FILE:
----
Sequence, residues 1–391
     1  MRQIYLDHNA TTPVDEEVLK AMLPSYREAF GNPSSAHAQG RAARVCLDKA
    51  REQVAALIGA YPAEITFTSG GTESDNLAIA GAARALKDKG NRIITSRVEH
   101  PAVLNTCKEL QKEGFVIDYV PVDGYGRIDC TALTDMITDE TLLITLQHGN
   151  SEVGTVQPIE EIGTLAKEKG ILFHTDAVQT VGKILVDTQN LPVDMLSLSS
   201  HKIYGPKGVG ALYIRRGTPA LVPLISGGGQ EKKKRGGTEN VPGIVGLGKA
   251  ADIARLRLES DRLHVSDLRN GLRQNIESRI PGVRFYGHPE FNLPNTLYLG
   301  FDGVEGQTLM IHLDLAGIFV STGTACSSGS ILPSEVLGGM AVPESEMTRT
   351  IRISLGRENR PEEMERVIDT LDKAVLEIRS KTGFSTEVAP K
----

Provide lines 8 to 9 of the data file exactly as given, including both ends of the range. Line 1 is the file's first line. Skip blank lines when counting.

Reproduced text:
   301  FDGVEGQTLM IHLDLAGIFV STGTACSSGS ILPSEVLGGM AVPESEMTRT
   351  IRISLGRENR PEEMERVIDT LDKAVLEIRS KTGFSTEVAP K